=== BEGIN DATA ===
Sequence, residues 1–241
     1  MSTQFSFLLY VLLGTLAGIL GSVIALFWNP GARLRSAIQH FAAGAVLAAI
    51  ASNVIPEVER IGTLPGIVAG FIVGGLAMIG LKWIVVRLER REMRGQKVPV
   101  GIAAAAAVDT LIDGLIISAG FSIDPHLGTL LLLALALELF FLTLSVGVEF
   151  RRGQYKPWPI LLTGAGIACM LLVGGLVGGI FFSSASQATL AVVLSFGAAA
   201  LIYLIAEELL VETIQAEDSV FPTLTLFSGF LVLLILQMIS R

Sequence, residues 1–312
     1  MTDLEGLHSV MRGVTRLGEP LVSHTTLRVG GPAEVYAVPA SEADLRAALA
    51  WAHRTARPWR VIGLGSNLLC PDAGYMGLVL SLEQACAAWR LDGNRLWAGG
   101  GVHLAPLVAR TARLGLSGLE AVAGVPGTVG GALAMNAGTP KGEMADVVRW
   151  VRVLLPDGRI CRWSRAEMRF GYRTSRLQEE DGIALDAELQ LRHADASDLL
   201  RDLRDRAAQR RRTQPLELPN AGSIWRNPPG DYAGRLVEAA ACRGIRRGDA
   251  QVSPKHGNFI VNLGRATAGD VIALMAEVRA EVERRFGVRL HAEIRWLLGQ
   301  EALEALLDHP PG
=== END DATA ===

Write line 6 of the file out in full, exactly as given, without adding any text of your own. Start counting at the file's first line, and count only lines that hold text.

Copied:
   201  LIYLIAEELL VETIQAEDSV FPTLTLFSGF LVLLILQMIS R